Inline constant global variable inline constexpr int g_x { 1 }; File Static External Const or constexpr, Must be initialized

Forward declaration summary

You can use a forward declaration to access a function or variable in another file:

Type Example Notes
Function forward declaration void foo(int x); Prototype only, no function body
Non-constant global variable forward declaration extern int g_x; Must be uninitialized
Const global variable forward declaration extern const int g_x; Must be uninitialized
Constexpr global variable forward declaration extern constexpr int g_x; Not allowed, constexpr cannot be forward declared

What the heck is a storage class specifier?

When used as part of an identifier declaration, the static and extern keywords are called storage class specifiers. In this context, they set the storage duration and linkage of the identifier.

C++ supports 4 active storage class specifiers:

Specifier Meaning Note
extern static (or thread_local) storage duration and external linkage
static static (or thread_local) storage duration and internal linkage
thread_local thread storage duration Introduced in C++11
mutable object allowed to be modified even if containing class is const
auto automatic storage duration Deprecated in C++11
register automatic storage duration and hint to the compiler to place in a register Deprecated in C++17

The term storage class specifier is typically only used in formal documentation.


6.12 -- Using statements
Index
6.10 -- Static local variables

80 comments to 6.11 — Scope, duration, and linkage summary

  • Anastasia

    Hi,
    I may be dumb, but in the linkage summary it's said that static functions are covered in chapter 7, but I can't see where it is and don't remember learning about them (except for member static functions, which I suppose are a totally different thing and they are covered later). Can anyone point me in the right direction?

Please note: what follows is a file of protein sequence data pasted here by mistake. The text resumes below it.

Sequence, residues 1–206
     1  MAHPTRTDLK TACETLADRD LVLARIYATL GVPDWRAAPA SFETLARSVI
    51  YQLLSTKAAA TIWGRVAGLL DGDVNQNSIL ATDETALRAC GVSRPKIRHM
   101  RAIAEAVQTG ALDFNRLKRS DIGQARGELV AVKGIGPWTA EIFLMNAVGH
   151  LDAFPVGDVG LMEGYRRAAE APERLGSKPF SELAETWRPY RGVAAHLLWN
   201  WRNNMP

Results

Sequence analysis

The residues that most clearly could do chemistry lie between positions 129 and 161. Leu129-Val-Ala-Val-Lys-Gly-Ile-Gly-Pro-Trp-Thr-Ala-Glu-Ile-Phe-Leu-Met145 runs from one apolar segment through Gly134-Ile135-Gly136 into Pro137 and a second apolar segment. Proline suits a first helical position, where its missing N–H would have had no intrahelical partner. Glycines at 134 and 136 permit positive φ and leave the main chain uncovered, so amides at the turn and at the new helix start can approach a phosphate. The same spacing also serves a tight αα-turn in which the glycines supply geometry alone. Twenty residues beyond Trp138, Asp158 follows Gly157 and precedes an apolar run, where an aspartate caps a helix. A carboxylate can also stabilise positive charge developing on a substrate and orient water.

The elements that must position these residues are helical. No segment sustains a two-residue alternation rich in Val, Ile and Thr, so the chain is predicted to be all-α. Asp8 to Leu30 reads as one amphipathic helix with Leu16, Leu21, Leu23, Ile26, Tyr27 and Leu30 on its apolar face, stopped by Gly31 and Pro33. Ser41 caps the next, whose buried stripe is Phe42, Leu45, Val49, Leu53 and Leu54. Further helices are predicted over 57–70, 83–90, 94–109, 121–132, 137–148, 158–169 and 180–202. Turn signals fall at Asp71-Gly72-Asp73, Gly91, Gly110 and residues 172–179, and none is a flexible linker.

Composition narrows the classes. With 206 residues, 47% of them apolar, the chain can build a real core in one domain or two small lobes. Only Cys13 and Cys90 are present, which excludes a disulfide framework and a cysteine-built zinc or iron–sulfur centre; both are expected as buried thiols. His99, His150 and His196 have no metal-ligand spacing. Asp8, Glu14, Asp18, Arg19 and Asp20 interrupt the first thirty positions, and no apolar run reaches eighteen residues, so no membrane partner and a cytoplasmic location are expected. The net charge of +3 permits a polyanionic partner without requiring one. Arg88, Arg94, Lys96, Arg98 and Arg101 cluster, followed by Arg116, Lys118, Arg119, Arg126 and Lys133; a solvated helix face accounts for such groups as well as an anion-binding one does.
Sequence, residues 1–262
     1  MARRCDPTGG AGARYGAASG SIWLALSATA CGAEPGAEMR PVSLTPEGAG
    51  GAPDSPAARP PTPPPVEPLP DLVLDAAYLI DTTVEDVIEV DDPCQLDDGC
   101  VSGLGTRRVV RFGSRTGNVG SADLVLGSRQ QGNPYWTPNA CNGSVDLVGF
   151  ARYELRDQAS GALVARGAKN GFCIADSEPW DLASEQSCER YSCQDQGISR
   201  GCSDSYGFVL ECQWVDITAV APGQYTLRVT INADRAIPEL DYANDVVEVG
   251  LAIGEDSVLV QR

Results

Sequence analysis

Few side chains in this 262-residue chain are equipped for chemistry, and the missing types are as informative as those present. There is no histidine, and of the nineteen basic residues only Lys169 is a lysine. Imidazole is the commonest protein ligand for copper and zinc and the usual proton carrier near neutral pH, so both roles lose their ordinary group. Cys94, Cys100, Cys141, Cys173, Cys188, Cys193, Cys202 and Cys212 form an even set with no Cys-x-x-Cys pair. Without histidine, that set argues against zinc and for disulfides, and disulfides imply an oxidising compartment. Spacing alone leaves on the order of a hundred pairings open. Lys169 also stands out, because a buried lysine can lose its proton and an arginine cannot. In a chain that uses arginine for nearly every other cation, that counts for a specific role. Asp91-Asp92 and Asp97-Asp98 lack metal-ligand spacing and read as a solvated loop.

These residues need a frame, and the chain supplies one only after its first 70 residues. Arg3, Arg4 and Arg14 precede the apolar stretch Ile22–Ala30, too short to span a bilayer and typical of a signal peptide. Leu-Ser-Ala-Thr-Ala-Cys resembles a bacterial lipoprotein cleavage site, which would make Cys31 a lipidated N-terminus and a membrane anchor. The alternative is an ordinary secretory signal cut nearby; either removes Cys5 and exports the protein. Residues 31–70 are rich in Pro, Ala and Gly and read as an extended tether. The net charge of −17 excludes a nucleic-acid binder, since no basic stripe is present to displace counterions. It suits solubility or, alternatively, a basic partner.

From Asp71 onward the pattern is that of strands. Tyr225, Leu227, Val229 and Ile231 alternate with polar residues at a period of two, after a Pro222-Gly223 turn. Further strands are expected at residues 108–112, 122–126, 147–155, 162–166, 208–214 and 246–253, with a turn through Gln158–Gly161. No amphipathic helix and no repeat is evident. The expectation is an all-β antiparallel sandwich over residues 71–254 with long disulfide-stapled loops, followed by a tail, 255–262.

• Alex

      Hmmm, I think I actually don't cover these explicitly. I've removed the reference to chapter 7.

      But just like static global variables, static functions are only accessible in the file in which they are declared.

      • Anastasia

        There's a brief explanation (with an example) of static functions in lesson S.4.2 — Global variables and linkage (paragraph 'Function linkage'), it could be used as a reference instead (as a little refresher).

        Thanks!

  • mmp52

    Hello!
    On the end of the course, you've said that when we make forward declaration of a constant global variable in order to use it in another file, it should not be initialized. Shouldn't we initialize all constant variables in the moment of definition? What should I use if I want a constant global variable with external linkage and I want it to be initialized during definition?

    Thank you!

    • Alex

      Forward declarations just tell the compiler that an object (or function) exists (and what type it is). They don't define actual objects, and so they can't have initializers.

      The actual defined object (that the forward declaration is referencing) should be initialized.

  • SM.Haider

    Wait, what's the scope of this article?

  • Gabe

    "Identifiers with external linkage will generally cause a duplicate definition linker error if the definitions are compiled into more than one .cpp file (due to violating the one-definition rule)."

    Would you mind explaining this sentence? What does "if the definitions are compiled into more than one .cpp file"?

    • gabe.hpp

      gabe.cpp

      main.cpp

      `gabe` is now defined in "gabe.cpp" and "main.cpp" (Because `#include` simply copies a file's content). Variables with external linkage can only be defined once, so you're getting and error.

  • Samira Ferdi

    Hi, Alex and Nascardriver!

    What is normal function? I confused the term 'normal'. So, are there functions those are not normal?

    • Alex

      Normal functions are the kind of functions we've presented so far. There are other kinds of functions (member functions, inline functions, etc...) that you'll learn about later.